Objective: To examine whether HIV optimism (i.e. optimism in the light of new HIV drug therapies) can account for the recent increase in high-risk sexual behaviour among London gay men.
Methods: Gay men (n = 2938) using London gyms were surveyed annually between 1998 and 2001. Information was collected on HIV status, unprotected anal intercourse (UAI) in the previous 3 months, and agreement with two statements concerning the severity of and susceptibility to HIV infection. Those who agreed were classified as 'optimistic'.
Results: Between 1998 and 2001, the percentage of men reporting high-risk UAI (i.e. UAI with a casual partner of unknown or discordant HIV status) increased: HIV-positive men 15.3-38.8%; HIV-negative men 6.8-12.1%; never-tested men 2.1-7.7%; (P < 0.01). Overall, less than a third were optimistic. In cross-sectional analysis, optimistic HIV-positive and -negative men were more likely to report high-risk UAI than other men (P < 0.05). However, the increase in high-risk UAI between 1998 and 2001 was seen in those who were optimistic and those who were not (P < 0.05). In multivariate analysis, the modelled increase in high-risk UAI over time remained significant after controlling for HIV optimism (P < 0.01), with no significant interaction between optimism and time.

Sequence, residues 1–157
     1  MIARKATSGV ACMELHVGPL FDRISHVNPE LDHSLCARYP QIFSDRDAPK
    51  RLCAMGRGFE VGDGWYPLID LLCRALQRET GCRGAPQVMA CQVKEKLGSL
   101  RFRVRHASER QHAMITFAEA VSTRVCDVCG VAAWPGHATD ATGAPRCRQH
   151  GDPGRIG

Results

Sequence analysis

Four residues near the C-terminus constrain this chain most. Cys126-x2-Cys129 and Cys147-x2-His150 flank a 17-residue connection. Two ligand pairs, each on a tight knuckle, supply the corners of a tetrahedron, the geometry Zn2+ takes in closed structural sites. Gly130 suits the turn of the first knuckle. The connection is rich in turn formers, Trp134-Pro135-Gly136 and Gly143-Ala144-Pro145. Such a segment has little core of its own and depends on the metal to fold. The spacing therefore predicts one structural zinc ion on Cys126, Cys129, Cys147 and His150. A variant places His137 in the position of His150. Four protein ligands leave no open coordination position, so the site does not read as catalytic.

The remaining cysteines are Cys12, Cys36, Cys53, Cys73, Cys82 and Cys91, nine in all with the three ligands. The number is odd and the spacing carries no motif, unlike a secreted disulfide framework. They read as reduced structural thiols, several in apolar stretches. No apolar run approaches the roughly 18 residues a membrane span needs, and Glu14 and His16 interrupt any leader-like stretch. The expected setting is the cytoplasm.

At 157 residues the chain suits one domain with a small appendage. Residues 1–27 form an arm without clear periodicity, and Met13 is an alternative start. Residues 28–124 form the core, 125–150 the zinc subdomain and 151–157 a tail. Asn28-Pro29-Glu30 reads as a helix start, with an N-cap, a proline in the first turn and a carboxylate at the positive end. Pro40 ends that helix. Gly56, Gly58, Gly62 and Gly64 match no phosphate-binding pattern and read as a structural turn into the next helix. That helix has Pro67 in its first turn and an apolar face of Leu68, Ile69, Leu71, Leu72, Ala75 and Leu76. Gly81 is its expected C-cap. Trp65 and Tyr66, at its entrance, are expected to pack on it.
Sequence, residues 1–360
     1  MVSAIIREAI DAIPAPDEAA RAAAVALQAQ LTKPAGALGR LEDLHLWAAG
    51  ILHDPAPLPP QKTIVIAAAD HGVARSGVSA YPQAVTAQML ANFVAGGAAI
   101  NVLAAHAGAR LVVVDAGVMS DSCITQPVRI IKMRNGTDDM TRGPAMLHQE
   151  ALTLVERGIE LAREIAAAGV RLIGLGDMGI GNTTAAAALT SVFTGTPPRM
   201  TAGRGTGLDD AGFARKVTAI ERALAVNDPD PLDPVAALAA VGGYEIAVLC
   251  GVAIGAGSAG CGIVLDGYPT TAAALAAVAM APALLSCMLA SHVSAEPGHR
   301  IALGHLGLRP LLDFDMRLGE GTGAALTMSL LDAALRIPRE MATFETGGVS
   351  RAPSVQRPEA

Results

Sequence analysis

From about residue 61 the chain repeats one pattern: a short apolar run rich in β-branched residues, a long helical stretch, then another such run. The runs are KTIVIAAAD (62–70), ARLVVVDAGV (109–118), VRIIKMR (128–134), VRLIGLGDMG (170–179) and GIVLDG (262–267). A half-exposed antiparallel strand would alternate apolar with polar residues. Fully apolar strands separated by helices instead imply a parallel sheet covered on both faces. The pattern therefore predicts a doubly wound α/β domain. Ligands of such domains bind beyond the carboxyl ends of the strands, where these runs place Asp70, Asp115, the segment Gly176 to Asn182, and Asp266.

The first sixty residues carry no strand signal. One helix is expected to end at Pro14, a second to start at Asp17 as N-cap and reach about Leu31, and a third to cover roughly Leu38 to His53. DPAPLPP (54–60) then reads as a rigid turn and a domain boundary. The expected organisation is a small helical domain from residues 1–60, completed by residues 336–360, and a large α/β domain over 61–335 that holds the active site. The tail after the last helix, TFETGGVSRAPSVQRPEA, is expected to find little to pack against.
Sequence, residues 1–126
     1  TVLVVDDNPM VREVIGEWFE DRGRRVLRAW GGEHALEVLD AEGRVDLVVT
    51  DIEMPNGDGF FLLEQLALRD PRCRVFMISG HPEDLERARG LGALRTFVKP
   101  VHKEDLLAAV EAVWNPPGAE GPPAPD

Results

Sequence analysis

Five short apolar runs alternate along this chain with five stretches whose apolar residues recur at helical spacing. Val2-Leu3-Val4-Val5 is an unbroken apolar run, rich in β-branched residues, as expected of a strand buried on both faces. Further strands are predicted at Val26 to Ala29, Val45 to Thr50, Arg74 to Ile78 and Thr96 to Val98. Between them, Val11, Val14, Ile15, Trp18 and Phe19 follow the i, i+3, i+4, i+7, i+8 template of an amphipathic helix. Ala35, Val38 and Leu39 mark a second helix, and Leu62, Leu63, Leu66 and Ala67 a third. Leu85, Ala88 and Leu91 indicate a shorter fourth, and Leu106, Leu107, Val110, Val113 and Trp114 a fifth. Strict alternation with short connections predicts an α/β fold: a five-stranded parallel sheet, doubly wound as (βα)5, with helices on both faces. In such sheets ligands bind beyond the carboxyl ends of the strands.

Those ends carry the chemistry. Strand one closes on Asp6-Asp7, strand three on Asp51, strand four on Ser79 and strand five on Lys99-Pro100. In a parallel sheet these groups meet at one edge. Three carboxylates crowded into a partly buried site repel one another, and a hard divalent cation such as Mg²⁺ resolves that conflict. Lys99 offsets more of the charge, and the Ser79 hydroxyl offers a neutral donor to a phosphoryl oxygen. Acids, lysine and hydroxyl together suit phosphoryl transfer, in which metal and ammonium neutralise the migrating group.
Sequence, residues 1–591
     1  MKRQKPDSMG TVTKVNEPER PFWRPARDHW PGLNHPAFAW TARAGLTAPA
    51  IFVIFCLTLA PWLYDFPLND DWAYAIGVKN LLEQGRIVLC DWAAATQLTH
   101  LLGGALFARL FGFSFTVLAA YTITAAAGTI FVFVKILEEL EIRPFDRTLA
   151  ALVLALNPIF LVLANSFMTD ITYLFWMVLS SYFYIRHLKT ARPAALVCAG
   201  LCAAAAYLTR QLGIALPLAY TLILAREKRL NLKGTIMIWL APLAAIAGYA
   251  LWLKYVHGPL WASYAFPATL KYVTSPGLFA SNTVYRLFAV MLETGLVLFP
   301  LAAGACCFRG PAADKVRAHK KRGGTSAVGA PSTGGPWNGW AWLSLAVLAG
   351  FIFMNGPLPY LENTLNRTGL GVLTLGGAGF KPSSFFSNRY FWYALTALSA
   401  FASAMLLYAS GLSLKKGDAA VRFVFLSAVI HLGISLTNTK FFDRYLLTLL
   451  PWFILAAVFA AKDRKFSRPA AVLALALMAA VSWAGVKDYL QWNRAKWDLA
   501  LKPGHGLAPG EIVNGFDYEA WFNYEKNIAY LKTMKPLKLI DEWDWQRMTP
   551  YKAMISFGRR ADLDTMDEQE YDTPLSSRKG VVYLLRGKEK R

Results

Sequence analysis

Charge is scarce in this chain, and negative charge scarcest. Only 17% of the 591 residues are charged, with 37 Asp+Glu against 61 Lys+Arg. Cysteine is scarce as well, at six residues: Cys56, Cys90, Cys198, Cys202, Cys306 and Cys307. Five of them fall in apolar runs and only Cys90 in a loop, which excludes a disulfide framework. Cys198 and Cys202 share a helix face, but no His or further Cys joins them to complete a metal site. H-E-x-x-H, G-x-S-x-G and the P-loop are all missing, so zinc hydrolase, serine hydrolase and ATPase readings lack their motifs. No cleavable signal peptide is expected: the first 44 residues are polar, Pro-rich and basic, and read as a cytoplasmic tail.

Conclusion: Among London gay men, no difference was detected between those who were optimistic and those who were not in the rate of increase in high-risk sexual behaviour between 1998 and 2001. Our findings suggest that HIV optimism is unlikely to explain the recent increase in high-risk sexual behaviour in these men.